EU developments central to Norway’s foreign policy

Although Norway has chosen to remain outside the EU, close co-operation in Europe is of great importance for Norwegian foreign policy. Developments in the EU are of major significance for the Government’s active European policy, says Foreign Minister Petersen.

15/02/2006 :: EU enlargement, the neighbourhood policy and the Lisbon Strategy were key European issues in Foreign Minister Jan Petersen’s statement to the Norwegian Parliament on foreign policy 15 February

As a European country outside the Union it is important to Norway to keep a close eye on EU developments, to identify Norwegian interests and the prospects and challenges that may arise as a result of it.

“The EU’s decision to enter into membership negotiations with Turkey is a historic one. The prospects of membership is a strong incentive for democratic reform in the country. This will affect Norway. With time Turkey may become our partner in the internal market as well, with the opportunities and challenges this entails,” said Foreign Minister Pedersen.

For Norway, as for the rest of Europe, it is positive that the EU, through enlargement and treaty reform is intensifying its efforts at promoting stability, democracy and development through enlargement positively at a time when internal and external security are becoming closely interlinked.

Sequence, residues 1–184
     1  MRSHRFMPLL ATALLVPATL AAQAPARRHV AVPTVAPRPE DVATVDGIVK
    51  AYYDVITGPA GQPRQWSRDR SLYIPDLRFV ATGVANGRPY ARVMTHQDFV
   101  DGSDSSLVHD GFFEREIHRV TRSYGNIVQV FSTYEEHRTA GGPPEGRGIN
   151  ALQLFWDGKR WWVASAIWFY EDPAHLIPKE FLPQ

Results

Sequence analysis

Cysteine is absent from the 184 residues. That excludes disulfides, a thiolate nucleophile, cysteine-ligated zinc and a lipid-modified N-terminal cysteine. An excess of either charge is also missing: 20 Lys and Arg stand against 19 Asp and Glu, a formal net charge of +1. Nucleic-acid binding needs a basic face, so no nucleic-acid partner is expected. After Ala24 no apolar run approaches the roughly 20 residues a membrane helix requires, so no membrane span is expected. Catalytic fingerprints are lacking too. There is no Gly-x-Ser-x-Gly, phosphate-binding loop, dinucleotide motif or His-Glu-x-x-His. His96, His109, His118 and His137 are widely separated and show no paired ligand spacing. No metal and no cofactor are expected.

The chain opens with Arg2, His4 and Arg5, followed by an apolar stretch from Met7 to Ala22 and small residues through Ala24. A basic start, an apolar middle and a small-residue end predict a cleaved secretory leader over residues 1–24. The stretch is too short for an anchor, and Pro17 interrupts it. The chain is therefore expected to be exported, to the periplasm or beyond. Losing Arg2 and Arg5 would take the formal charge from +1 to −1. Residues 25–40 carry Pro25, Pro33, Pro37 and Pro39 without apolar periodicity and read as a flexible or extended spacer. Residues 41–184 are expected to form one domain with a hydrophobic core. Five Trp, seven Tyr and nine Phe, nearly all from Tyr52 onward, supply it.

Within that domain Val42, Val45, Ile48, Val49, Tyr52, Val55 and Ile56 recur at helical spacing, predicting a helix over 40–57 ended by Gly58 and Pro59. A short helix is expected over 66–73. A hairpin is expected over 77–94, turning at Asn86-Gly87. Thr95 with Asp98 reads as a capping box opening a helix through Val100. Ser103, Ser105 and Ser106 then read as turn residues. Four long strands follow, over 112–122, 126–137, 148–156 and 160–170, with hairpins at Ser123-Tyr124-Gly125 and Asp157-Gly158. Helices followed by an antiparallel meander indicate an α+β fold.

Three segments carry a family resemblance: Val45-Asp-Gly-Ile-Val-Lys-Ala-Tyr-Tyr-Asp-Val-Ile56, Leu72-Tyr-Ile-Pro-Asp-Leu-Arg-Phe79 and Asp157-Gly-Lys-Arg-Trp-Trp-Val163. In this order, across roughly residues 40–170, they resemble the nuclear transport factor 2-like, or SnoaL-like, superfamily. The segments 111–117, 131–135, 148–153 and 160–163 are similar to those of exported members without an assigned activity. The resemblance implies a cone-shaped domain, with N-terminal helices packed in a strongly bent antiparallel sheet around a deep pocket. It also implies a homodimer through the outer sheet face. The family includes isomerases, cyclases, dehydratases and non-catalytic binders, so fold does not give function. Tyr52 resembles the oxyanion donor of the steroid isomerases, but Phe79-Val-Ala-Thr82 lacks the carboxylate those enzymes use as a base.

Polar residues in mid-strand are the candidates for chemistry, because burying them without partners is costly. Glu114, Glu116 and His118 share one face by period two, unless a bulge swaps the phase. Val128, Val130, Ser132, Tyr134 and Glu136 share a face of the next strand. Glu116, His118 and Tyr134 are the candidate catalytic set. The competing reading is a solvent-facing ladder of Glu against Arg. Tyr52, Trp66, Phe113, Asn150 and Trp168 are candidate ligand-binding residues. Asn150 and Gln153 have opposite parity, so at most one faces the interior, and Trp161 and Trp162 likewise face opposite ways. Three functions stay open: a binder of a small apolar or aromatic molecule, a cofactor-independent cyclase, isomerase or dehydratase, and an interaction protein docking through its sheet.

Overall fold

“The EU is, to an increasing extent, employing both foreign policy measures and justice and home affairs policy measures to address the threats and challenges connected with human trafficking and other organized crime. This includes partnership and cooperation with third countries on measures to promote democracy and welfare in these countries,” said Foreign Minister Petersen.

During the Ukrainian elections the EU demonstrated a strong will to enforce its ties with neighbouring states, as well as its commitment to the promotion of democracy and human rights.

Norway and the EU also shares the same goals for the Lisbon strategy for the period 2000-2010 in its aims to achieve a stronger and more competitive European economy, while also preserving a sustainable development.

“It is important to maintain a balance between the strategy’s goal of economic growth on the one hand and environmental sustainability and social cohesion on the other. In practice this means preserving the best of the welfare state, hile at the same time increasing competitiveness and taking environmental concerns into account,” said Foreign Minister Petersen.


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The EU and candidate countriesPhoto: The European Commission